Breaking the cycle, one step at a time
Once upon a time not so long ago, I was fat. Really fat. So fat, in fact, that at 30 years old, dying young seemed both inevitable and welcomed.
But yesterday at Sardis Lake, one month shy of turning 34, I completed my third triathlon in a little over a year. This December in Biloxi I will run my third half marathon, and as of last week, I’ve dropped a total of 200 lbs. from my heaviest self.
Freeze frame. Confused? Let me tell you how I got here.
As a college graduate, I crushed the scales at 425 pounds. This wasn’t some beer-fueled anomaly. I was morbidly obese as far back as elementary school and had continually trended upward ever since.
It was a toxic cocktail of genetics and learned behavior. My parents were obese. My grandparents were obese. If their grandparents weren’t obese, it was because they were too poor to be obese. Upon learning of our Welsh ancestry through genealogy research, I used to quip that my family “came from Wales; the country, not the mammal.”
Weighing over 400 pounds is not fun. It is a hard, lonely way to live.
Aside from the way it distorts your self-worth and cripples your ability to date women or purchase shirts that don’t feature Hawaiian print, simple things exhaust you when you are that size. Activities others take for granted are daily hurdles that must be navigated. Brushing your teeth. Wrestling with socks. Standing in a long line at the grocery store.
When I was in the seventh grade, I was enrolled in a mandatory PE class against my will. The class was taught by an Ole Miss alum named George Kersh, a world-class track athlete, an almost-Olympian.
We did not, umm, speak the same language.
The final for the course was to walk a mile – four laps around the school track – in 20 minutes. Each lap was a letter grade. I made a C.
Which, for overweight folk, is really the rub (no pun intended). Once you are that obese, there aren’t a lot of hobby options that don’t make you more obese. I watched a lot of movies, played a lot of video games, read a lot of books; all things I could do from the comfort of an air-conditioned room while eating.
The whole thing was a big, vicious cycle, and I was shamefully aware of how helplessly complicit I was being in my own early demise.
So at 30, I decided I had to break the cycle. I decided to balance the equation.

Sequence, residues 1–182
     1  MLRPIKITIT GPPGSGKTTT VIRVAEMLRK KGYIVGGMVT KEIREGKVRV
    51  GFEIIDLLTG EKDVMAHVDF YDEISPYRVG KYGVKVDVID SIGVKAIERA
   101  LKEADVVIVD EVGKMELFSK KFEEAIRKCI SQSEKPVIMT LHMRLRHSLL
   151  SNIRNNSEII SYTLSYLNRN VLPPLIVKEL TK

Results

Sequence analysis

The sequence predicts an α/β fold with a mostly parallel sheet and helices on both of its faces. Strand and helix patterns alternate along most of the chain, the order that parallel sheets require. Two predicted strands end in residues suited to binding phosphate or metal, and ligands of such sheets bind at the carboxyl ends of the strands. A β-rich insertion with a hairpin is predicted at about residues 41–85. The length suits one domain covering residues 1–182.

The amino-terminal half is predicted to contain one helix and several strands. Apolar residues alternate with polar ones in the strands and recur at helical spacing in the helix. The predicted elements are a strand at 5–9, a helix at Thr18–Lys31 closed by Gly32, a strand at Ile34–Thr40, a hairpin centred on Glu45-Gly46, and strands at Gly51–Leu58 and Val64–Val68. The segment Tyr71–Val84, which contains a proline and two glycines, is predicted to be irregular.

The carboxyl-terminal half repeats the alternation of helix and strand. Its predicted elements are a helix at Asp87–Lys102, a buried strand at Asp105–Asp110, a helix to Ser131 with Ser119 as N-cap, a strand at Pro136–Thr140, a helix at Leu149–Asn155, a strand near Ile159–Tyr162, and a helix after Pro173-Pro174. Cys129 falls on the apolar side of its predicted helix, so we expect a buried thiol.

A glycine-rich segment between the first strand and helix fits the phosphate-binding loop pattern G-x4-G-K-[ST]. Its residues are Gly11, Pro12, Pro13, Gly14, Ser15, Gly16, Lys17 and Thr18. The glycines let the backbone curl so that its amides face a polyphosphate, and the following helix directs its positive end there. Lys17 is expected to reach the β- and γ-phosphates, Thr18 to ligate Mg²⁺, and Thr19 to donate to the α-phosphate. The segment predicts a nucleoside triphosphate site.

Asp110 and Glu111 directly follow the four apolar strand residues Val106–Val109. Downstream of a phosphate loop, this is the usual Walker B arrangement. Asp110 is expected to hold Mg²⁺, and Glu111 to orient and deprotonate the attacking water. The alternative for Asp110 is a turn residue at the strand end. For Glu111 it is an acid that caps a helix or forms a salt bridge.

And that’s really all a person’s weight is: an equation. If a person expends more calories through physical activity than they take in through eating, they will lose weight. You can refine the accuracy of this equation with other calculus-like strategies, but the basic concept never changes: more out, less in. The “less in” part of the equation is a whole other story, but for now let’s just say: I needed to get more active.
So I walked. It was all I could do.
I walked slowly at first, and only for short distances. Fresh off a traumatic breakup, walking had the simultaneous benefits of clearing my head and improving my body. I eventually started walking everywhere, to work, to dinner, to the gym.
It hurt. I would walk until I couldn’t feel, until I was too tired to hate myself, or her. My students and their parents thought maybe I didn’t have a car, so they would stop and offer me rides. I would politely decline and walk on, alone.
A friend challenged me to run a half marathon with him and I laughed in his face.
Me, a runner?
But one Saturday, out for a walk, I tried it, almost to prove to myself that I couldn’t. I ended up running a mile – a mile! Running! This was something I did not know I could do, and it felt majorly at odds with my self-image. Running was something only normal, healthy people could do, and now I could run too. Was I normal now?
The beautiful thing about running is that it sucks. You can’t breathe, you’re a stupid, sweaty mess, and your muscles and joints have yanked down all sorts of internal fire alarms… all of which means there is no time to think. There is no time for anxiety or guilt or stress or shame. There is only the song in your ear buds and trying not to die. You just exist. It’s an unexpected detox, both physical and emotional.
I ran that race. Then another. A different friend challenged me to run a triathlon with him last summer and, full of cocky bravado, I agreed. I almost drowned.
But I didn’t quit. Humbled, I trained harder.
And although cycling still feels like sitting on a tomato pole, and occasionally I still breathe in a lung full of pool water, last month I finished my second triathlon much more confidently, crushing my original time.
The term “race” is a misnomer. Other than a few fanatics duking it out over bragging rights and a commemorative piece of pottery, the only person you are ever competing against is yourself, past and present. Can I do this, can I be a better me?
Yesterday’s race, with its half-mile swim, 18-mile bike ride and 4-mile run, was my longest feat yet. I finished in under three hours, good enough for dead last in the politely-named “Clydesdale Division” for oversized runners.
I do these races for several reasons. There’s the thrill of accomplishment and the motivation of having something to work toward. There are the obvious health benefits, the satisfaction of improving on a personal best time, and the bonhomie of the friends I train and race with.
But mostly, I do them out of sheer wonderment that I am able. For almost the whole of my time on this planet, participating in even the most basic exhibition of athletic prowess was unfathomable. Yet here I am, a damn triathlete.
I wish George Kersh could see me now.
R.J. Morgan is an Instructional Assistant Professor of Journalism and Director of the Mississippi Scholastic Press Association at the University of Mississippi.
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